modernist minotaurs


That the heroes of Homer’s epics might indeed have inhabited a world no less real than the Dublin of Joyce’s youth had been potently suggested by the exploits of Heinrich Schliemann, the excavator of Troy and Mycenae. Yet it was not only Agamemnon and his fellow warlords who appeared to have been redeemed from the oblivion of the fantastical. So, too, from 1900 onwards, had an even more primordial generation of heroes. Joyce, ever sensitive to the zeitgeist, had made play with it by surnaming his fictional alter ego Dedalus, after “the hawklike man” who had built, among many other wonders, the labyrinth in which the Minotaur was imprisoned. The excavation of an entire civilization on Crete, known as Minoan after the fabled king who was said to have ruled the island at the height of its prosperity, had served to reveal a wellspring for European civilization even more ancient than the grim warrior city of Mycenae. “In my beginning is my end”: to fathom the culture of Minoan Crete, so artists, historians and assorted prophets came to believe, might be to catch a glimpse of the West’s future as well as its past.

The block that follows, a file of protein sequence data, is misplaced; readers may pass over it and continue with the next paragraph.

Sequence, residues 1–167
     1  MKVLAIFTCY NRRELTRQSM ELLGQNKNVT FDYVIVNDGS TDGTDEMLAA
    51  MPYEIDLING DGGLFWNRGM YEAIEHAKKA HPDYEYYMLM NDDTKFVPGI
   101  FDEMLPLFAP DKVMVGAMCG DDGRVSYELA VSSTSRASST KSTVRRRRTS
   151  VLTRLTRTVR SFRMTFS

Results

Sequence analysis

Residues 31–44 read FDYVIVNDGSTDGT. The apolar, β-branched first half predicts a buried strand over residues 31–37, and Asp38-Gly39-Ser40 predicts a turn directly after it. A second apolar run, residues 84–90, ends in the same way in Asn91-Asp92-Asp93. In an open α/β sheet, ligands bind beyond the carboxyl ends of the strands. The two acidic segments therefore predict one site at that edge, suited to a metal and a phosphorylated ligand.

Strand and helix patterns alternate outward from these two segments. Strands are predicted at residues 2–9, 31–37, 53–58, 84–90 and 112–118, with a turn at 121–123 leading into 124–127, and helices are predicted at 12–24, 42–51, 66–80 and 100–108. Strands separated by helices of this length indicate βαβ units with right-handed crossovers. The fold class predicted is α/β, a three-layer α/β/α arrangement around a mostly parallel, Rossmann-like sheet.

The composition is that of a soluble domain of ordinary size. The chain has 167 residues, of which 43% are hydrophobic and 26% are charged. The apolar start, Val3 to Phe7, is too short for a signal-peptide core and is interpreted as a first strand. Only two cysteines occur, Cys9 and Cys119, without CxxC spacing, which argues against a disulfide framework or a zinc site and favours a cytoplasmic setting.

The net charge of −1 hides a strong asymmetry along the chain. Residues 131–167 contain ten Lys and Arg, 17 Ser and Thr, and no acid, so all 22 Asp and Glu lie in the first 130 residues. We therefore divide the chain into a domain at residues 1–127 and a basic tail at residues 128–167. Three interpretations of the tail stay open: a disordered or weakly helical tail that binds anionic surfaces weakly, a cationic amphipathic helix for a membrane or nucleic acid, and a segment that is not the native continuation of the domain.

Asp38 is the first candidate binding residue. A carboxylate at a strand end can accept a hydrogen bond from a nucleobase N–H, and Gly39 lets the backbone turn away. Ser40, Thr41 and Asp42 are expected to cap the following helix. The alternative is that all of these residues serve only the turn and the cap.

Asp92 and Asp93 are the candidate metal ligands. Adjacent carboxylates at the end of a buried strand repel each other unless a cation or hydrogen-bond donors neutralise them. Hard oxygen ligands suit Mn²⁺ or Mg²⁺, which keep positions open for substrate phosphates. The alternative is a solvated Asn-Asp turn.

more from Tom Holland at the TLS here.